Monday, 6 Dec 2021

US Senate Democrat unveils 'billionaires tax' for Biden agenda

WASHINGTON (REUTERS) – US billionaires would pay tax on unrealised gains from their assets to help finance President Joe Biden’s emerging social-policy and climate-change legislation, according to a proposal unveiled on Wednesday (Oct 27) by the top Senate Democrat for tax policy.

The so-called billionaires tax, announced by Senate Finance Committee Chairman Ron Wyden, is part of a two-pronged legislative strategy that also includes a proposed 15 per cent corporate minimum tax on the most profitable United States corporations, which was unveiled on Tuesday.

Wyden and other lawmakers, including Democratic Senator Elizabeth Warren, say the legislation is intended to curtail tax avoidance by corporations and the wealthy and could generate hundreds of billions of dollars to pay for Biden’s “Build Back Better” legislation, which is expected to cost between US$1.5 trillion and US$2 trillion (S$2 trillion to S$2.6 trillion).

The White House backs the corporate minimum tax, which would dovetail with a global corporate minimum tax recently agreed to by 136 countries and aimed at corporations that pay little or no tax by gaming the international tax system.

But the billionaires tax faces potential opposition from Democrats in the House of Representatives, who favour straightforward hikes in tax rates for companies and the wealthy as a way to fund the Biden agenda.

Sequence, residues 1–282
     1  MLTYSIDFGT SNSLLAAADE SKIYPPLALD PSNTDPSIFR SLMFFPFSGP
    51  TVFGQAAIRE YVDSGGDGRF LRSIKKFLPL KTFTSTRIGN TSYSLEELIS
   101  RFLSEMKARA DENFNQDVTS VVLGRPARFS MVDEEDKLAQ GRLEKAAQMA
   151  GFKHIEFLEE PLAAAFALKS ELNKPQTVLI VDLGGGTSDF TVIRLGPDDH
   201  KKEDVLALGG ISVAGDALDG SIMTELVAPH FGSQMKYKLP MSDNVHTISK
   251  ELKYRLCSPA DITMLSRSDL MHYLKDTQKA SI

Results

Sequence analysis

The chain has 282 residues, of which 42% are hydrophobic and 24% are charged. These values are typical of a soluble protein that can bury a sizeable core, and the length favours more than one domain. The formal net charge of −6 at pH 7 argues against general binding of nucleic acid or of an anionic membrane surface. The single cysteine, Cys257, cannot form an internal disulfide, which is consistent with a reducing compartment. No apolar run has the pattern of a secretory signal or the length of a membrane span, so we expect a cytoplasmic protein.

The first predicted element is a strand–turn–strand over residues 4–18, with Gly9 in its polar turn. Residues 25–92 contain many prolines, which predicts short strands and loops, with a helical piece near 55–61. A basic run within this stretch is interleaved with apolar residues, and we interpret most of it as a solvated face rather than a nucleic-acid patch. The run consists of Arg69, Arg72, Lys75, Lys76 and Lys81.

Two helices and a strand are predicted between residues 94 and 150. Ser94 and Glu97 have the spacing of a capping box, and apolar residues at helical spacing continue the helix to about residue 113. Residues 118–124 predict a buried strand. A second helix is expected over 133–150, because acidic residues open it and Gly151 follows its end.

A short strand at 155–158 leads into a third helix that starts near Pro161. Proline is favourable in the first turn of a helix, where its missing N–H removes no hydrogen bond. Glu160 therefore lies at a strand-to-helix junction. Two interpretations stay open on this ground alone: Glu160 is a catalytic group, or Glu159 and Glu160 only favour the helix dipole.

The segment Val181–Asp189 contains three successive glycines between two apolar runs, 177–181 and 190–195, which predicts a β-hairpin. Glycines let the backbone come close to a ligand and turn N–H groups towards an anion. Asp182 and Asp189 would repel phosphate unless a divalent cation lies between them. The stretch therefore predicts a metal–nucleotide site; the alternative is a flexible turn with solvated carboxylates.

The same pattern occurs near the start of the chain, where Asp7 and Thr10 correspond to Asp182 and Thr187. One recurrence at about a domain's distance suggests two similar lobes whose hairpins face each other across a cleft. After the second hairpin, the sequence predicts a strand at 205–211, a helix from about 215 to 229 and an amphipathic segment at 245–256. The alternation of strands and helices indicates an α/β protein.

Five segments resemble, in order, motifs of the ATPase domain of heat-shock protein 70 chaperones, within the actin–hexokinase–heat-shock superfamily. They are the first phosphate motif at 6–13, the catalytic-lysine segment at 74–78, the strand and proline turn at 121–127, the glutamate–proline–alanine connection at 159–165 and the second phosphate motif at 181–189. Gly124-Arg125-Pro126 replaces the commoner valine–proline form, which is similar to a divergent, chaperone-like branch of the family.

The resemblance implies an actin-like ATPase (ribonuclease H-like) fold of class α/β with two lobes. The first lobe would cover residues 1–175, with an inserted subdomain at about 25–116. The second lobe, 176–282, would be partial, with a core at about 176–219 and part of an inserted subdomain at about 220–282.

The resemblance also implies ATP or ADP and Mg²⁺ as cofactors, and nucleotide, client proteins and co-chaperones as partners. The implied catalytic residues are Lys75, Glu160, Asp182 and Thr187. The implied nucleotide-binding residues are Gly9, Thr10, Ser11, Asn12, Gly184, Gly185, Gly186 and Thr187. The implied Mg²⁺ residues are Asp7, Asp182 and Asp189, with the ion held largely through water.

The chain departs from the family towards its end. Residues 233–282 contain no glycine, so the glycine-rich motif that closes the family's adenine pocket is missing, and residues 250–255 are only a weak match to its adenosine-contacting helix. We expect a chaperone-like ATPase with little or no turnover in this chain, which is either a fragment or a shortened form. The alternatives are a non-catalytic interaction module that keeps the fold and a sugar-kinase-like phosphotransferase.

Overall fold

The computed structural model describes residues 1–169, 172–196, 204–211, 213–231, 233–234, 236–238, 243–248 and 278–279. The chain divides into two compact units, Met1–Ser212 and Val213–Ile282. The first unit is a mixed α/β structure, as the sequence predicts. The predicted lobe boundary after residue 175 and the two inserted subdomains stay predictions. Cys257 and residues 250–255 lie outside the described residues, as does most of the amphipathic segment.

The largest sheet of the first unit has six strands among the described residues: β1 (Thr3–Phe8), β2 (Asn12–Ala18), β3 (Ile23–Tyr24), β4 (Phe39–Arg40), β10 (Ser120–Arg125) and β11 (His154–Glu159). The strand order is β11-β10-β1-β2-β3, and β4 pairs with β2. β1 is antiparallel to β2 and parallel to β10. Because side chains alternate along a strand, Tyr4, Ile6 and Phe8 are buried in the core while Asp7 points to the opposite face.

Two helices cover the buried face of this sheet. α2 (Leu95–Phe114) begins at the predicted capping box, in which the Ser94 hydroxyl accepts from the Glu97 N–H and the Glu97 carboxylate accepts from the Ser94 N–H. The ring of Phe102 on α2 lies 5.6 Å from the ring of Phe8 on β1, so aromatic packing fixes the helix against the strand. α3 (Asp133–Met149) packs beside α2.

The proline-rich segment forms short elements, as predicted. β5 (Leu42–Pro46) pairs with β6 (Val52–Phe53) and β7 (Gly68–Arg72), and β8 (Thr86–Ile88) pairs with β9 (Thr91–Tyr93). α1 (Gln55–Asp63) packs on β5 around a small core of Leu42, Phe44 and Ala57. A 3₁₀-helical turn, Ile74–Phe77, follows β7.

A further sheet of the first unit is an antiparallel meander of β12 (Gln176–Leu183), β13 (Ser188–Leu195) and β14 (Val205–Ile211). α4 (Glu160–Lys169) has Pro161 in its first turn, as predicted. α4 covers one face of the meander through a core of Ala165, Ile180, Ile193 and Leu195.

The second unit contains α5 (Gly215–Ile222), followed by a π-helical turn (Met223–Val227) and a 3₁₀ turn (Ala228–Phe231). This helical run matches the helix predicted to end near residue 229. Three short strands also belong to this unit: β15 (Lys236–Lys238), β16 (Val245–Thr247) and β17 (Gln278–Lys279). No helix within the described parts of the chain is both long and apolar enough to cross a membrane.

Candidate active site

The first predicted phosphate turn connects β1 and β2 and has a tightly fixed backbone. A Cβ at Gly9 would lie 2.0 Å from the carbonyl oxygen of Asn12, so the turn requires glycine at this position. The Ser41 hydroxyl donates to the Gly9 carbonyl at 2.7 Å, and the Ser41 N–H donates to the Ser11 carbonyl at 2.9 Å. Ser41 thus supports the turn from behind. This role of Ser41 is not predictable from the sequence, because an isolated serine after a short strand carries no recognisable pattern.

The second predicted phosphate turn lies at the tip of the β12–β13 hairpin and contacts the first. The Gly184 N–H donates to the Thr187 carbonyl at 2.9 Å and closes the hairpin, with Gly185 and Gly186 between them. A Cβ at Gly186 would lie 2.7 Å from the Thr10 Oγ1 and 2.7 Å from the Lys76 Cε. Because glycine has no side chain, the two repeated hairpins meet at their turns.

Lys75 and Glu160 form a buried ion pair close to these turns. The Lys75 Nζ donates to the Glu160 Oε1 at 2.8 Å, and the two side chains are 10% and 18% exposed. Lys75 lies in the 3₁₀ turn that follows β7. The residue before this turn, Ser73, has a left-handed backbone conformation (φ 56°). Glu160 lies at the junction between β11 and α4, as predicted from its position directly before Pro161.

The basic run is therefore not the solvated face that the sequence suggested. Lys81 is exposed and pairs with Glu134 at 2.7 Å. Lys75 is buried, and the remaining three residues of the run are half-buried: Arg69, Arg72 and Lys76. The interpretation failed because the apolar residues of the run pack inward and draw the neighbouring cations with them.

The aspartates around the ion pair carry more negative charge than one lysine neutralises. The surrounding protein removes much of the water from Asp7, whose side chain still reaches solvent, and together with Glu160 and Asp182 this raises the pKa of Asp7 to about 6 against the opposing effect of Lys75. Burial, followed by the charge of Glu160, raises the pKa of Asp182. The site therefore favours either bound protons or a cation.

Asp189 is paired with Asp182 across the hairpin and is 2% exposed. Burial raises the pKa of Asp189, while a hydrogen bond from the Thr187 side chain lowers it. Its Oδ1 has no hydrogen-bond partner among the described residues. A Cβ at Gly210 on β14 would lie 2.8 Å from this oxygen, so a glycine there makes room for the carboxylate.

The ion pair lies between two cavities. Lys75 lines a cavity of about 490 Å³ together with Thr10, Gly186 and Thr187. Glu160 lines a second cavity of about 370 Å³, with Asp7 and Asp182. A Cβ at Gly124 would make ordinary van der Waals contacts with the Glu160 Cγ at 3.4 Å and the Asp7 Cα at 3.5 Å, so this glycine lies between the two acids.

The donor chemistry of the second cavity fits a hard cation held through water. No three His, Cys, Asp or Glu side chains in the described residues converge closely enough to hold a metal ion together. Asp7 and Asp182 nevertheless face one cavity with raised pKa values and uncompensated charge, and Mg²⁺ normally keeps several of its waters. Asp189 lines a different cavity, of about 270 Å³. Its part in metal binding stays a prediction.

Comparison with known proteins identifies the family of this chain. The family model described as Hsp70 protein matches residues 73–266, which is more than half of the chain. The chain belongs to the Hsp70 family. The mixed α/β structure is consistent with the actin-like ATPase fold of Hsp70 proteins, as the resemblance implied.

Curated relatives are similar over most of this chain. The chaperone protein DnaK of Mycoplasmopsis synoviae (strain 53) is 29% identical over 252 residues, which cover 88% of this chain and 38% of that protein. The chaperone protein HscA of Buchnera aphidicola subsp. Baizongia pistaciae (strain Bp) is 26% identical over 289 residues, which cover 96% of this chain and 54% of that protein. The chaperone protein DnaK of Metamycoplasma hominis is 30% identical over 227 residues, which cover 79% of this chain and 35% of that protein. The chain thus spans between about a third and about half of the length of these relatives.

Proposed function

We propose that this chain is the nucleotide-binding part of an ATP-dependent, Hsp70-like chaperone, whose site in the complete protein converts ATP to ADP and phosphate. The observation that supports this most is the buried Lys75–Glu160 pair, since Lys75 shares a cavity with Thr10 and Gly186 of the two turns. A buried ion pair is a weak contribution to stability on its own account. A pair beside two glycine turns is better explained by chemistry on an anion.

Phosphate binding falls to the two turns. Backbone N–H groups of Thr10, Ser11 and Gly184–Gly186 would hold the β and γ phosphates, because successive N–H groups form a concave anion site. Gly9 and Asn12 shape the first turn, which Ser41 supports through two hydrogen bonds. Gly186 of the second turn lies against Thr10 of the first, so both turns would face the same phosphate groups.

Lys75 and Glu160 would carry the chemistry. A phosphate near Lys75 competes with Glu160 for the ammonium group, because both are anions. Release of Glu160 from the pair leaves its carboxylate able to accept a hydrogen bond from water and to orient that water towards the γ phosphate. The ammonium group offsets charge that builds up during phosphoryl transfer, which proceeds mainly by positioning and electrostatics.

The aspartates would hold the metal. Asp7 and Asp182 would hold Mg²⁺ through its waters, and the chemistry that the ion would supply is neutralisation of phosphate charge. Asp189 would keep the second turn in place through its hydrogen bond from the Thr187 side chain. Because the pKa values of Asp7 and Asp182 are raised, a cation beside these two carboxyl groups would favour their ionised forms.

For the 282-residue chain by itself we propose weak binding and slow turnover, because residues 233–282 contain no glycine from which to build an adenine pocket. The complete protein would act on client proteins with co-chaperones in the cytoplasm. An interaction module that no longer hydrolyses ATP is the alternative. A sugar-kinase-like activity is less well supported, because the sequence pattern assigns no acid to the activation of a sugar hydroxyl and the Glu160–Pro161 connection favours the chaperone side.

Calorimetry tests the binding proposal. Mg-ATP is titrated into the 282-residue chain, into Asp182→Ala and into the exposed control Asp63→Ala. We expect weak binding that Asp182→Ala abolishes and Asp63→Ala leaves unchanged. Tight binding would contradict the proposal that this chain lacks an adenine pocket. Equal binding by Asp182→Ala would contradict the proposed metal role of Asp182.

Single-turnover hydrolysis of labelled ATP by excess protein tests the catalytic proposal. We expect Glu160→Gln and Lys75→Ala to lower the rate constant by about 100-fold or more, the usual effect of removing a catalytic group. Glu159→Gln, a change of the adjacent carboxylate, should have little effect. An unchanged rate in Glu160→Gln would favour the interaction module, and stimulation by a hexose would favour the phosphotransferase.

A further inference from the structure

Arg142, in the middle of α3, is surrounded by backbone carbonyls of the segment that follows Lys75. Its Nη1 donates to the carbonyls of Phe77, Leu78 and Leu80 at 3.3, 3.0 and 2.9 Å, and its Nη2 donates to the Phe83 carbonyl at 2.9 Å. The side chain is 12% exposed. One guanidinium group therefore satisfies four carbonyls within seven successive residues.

Tesla chief executive Elon Musk blasted the plan on Twitter.

“Eventually they run out of other people’s money and then they come for you,” said Musk, who early this week was worth about US$230 billion, according to Refinitiv.

“Who is best at capital allocation – government or entrepreneurs – is indeed what it comes down to.”

Not all billionaires are opposed to the plan.

George Soros, the investor and liberal activist, is “supportive”, his spokesperson told Reuters on Monday.

The billionaires tax, which would take effect for the 2022 tax year, would affect roughly 700 taxpayers with over US$1 billion in assets or US$100 million in annual income for three consecutive years, according to a statement.

Aides said it would impose the 23.8 per cent tax rate for long-term capital gains on tradable assets such as stocks that increase in value over the year, whether or not they have been sold. It would also allow taxpayers to take deductions for losses on assets.

The tax would also impose levies on billionaire ownership stakes in businesses incorporated as pass-through entities and in trusts including real estate investment trusts, according to a statement.

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